Prerequisite: CHEM 201-202 with a C- or better grade.

CHEM 305L  Inorganic Chemistry:Lab    1 sem. hr.

This lab experience is designed to complement CHEM 305 lecture. The focus is the manipulation and synthesis of inorganic compounds. Topics include the chemistry of phosphazenes, silanes, materials chemistry, and inorganic polymers. Students will gain knowledge of anaerobic techniques for air-sensitive compounds. Offered spring of every odd-numbered year.

Prerequisite: CHEM 201-202 with a C- or better grade.

CHEM 307  Essential Biochemistry    3 sem. hrs.

This course focuses on the structure, chemistry and biological functions of some of the primary biomolecules: proteins, lipids, saccharides, nucleic acids, and vitamins & coenzymes. The course then focuses on fundamentals of enzymology, central catabolic metabolism and key features of biochemical regulation and integration. Applications of biochemistry in medicine and pharmaceuticals are also emphasized.The course is taught using a combination of interactive lecture, demonstrations and group activities. Offered every spring semester.

Prerequisites: CHEM 201-202, BIO 306 is helpful.

CHEM 307L  Essential Biochemistry:Lab    1 sem. hr.

CHEM 310  Found of Physical Chem    4 sem. hrs.

This course will explore classical concepts in thermodynamics, quantum mechanics, kinetics and equilibrium.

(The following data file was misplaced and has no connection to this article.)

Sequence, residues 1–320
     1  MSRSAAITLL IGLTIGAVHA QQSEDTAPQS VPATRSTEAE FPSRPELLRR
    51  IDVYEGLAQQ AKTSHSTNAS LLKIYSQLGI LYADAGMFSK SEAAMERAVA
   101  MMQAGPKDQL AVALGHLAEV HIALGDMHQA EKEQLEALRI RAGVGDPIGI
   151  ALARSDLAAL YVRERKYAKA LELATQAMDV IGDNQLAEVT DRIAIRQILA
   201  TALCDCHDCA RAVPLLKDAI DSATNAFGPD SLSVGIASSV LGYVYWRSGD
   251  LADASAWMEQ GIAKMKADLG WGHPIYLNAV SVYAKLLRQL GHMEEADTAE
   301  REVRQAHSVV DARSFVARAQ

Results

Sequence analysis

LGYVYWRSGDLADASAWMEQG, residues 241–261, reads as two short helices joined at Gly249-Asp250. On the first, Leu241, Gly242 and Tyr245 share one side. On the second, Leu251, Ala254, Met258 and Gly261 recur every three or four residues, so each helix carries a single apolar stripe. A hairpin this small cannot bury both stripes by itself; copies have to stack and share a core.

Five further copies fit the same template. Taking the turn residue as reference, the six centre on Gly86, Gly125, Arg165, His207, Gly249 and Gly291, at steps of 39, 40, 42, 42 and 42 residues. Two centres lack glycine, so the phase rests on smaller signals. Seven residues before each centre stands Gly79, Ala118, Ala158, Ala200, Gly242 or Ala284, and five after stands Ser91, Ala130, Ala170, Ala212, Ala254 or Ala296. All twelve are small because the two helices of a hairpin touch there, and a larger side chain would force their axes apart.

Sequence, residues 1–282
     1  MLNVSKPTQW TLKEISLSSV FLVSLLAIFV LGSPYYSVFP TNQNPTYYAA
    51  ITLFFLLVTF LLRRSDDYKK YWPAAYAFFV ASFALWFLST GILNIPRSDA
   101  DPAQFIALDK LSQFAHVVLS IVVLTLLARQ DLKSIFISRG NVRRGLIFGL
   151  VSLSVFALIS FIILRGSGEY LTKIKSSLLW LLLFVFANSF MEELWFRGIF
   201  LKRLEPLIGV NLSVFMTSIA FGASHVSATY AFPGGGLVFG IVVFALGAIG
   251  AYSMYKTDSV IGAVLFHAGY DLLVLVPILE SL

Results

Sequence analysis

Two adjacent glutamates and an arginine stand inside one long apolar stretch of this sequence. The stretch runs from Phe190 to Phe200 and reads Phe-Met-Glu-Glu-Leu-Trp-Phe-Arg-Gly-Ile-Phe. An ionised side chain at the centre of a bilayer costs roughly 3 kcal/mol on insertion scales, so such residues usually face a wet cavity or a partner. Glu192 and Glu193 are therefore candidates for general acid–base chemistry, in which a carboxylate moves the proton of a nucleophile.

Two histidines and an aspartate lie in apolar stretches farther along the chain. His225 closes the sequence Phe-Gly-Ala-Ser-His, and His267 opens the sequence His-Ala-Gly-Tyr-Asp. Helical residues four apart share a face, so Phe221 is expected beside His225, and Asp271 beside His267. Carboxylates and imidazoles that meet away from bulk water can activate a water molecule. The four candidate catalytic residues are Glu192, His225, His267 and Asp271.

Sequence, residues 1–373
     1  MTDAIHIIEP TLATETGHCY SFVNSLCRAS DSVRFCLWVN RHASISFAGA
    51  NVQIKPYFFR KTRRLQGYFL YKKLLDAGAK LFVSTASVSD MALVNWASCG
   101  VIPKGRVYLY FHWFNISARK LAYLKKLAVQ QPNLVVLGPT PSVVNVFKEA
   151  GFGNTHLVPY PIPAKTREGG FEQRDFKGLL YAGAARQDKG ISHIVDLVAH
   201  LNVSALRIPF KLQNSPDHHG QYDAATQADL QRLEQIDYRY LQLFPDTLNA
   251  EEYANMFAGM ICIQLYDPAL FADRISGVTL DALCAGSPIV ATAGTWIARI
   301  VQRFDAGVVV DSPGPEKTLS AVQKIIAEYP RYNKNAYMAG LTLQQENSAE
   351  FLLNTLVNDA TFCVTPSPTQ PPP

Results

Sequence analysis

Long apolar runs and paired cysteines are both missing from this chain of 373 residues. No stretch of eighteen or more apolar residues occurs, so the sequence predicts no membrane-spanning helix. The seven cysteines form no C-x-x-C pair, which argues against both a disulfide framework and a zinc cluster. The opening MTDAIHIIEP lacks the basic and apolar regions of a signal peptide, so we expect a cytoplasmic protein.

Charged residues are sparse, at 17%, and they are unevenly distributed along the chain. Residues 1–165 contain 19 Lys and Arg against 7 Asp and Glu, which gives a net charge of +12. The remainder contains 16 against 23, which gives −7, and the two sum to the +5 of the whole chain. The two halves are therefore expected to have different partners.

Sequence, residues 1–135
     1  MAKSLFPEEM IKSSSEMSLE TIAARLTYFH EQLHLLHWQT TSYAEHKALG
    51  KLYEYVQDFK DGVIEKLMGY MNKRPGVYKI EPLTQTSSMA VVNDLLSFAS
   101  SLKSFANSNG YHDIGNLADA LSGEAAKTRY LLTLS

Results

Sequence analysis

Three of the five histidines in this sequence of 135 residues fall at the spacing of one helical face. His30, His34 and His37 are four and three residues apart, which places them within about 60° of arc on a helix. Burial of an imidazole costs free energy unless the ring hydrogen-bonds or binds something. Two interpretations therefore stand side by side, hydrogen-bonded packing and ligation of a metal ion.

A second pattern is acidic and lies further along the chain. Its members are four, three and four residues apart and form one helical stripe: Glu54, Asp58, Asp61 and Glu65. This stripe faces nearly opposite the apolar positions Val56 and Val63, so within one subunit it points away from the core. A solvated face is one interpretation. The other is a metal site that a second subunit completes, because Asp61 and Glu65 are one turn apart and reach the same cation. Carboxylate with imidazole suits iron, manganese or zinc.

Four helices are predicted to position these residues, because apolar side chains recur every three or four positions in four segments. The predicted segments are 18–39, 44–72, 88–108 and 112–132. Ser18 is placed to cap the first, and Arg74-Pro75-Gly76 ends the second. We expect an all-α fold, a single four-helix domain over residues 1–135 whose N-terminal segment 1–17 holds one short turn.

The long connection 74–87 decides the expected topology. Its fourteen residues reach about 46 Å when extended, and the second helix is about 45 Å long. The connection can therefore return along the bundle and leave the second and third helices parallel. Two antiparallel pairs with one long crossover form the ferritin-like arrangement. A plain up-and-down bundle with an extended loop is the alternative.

Prerequisites: CHEM 101-102 and labs, CHEM 201-202 and labs and Calculus I and II.

CHEM 320  Biochemistry I    3 sem. hrs.

This course explores the chemistry of biological compounds that include amino acids, proteins, carbohydrates, lipids, vitamins, and nucleic acids with an emphasis on their structure-function relationships. Protein structure and biosynthesis, enzymes kinetics and mechanisms, and biological membranes are covered in detail. This course is required for Biochemistry majors and most pre-pharmacy students. All pre-professional students, biology majors and chemistry majors are welcome to enroll. Cross-listed as BIO 320. Offered every fall semester on odd-numbered years.

Prerequisites: CHEM 201, 202.

CHEM 320L  Biochemistry I:Lab    1 sem. hr.

This laboratory course is designed to introduce the students to modern biochemical experimental methods for studying the chemical and physical properties of biological molecules. Experiments will include the use of buffers, spectroscopy, enzyme assays, chromatography, electrophoresis, and immunoassays in the analysis of biological macromolecules. Isolation and purification techniques will be emphasized along with quantitative procedures. Students will be expected to keep a professional quality research notebook, read biochemical research articles and complete experimental work weekly. Cross-listed as BIO 320L. It is highly recommended that students enroll in BIO 320/CHEM 320 simultaneously. Offered every fall semester on odd-numbered years.

Prerequisites: CHEM 201, 201L, 202, 202L.

CHEM 321  Biochemistry II    3 sem. hrs.